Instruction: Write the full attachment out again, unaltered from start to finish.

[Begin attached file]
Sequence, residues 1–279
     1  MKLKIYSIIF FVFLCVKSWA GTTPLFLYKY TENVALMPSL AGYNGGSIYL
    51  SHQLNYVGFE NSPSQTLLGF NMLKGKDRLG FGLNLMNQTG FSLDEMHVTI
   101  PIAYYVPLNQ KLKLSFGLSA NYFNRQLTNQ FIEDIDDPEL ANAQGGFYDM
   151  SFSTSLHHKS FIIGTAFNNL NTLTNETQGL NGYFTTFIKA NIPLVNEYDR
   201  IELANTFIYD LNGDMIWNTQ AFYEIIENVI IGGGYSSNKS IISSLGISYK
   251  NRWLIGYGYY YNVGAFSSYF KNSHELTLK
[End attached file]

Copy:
Sequence, residues 1–279
     1  MKLKIYSIIF FVFLCVKSWA GTTPLFLYKY TENVALMPSL AGYNGGSIYL
    51  SHQLNYVGFE NSPSQTLLGF NMLKGKDRLG FGLNLMNQTG FSLDEMHVTI
   101  PIAYYVPLNQ KLKLSFGLSA NYFNRQLTNQ FIEDIDDPEL ANAQGGFYDM
   151  SFSTSLHHKS FIIGTAFNNL NTLTNETQGL NGYFTTFIKA NIPLVNEYDR
   201  IELANTFIYD LNGDMIWNTQ AFYEIIENVI IGGGYSSNKS IISSLGISYK
   251  NRWLIGYGYY YNVGAFSSYF KNSHELTLK